The year has been a full one for the Schools for Schools (S4S) team, between hardware projects (the construction of buildings) and software projects (trainings and capacity building). These are some of the highlights from the year:

computer training

Computer literacy can be low in northern Uganda, even among teachers who are responsible for preparing students to enter the modern work force. To enable teachers to be comfortable using and teaching with computers, S4S held computer trainings to share basic skills and teach commonly used programs.


In June, the 6th annual Teacher Exchange (TEX), in which international educators spend six weeks team-teaching in northern Uganda, took place. The focus for this year was student-centered teaching. The traditional method of teaching in Uganda is very teacher-focused, with teachers lecturing and students taking notes the entire time. During the TEX, Ugandan teachers had a chance to observe and learn about different methods that will help build their relationships with students.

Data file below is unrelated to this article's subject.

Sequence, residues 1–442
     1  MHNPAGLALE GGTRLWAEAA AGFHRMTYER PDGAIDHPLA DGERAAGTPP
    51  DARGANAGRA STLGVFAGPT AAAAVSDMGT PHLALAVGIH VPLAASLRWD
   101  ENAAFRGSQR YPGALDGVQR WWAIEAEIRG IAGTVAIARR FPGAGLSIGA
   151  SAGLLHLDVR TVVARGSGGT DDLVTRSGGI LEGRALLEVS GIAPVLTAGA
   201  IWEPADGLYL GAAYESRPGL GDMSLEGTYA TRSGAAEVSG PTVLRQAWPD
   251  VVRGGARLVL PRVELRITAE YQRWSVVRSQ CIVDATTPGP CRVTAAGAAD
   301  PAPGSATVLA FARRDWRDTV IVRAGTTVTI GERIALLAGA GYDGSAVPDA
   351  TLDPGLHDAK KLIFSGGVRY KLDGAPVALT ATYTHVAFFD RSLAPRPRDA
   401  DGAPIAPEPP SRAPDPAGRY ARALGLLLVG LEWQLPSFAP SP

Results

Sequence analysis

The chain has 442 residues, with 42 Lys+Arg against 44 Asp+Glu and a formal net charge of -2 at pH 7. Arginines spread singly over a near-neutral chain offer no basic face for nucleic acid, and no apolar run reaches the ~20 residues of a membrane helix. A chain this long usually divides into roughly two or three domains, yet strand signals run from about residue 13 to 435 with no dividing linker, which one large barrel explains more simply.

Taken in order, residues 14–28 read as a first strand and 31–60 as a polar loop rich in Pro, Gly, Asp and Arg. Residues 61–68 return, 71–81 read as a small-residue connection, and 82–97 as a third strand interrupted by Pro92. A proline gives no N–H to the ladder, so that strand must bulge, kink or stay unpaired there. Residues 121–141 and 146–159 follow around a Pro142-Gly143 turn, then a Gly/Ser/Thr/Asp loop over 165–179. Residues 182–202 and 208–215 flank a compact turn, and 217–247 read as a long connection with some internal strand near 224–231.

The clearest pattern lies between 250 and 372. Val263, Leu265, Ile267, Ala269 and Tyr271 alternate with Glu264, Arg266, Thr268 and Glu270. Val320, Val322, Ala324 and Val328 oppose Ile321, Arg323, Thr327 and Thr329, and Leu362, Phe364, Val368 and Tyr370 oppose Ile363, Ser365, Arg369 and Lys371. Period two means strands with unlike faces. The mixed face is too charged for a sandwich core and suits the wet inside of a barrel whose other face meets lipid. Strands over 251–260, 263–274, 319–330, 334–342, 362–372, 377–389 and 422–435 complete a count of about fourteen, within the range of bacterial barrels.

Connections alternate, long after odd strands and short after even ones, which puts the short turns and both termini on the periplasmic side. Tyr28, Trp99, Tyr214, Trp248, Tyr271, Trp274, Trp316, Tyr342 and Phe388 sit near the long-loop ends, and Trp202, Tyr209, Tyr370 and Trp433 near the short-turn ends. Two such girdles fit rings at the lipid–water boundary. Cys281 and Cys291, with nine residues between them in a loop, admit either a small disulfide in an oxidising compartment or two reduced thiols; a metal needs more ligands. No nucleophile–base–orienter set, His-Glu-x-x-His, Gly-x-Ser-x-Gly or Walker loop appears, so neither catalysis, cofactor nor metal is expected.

“I think teachers love the fact that they can actually engage students,” said Jude, the S4S program manager. “The student-teacher relationships are now improving.”


The handover of a beautiful computer lab at Anaka Secondary School, attended by some of the students who helped raise the funds, was a high point in July. According to the head teacher at Anaka SS, having this computer lab means big things for the school.

“We are entering a new era for the school, because now we have computers,”” said Ojok Matthew. “The students here never thought they would have such an opportunity at our school.”


The Knowledge of Behavior and Self (KOBS) curriculum was designed to be a tool for teachers to help students gain emotional literacy and work through the social and personal challenges of high school, as well as issues specifically affecting the region. This year, a conference was held to evaluate the effectiveness of the program. Comparative surveys of students who took the KOBS classes and students who did not showed that there was improvement in how well the KOBS students knew themselves. They also self-reported that they were more well-adjusted and felt that their behavior had improved.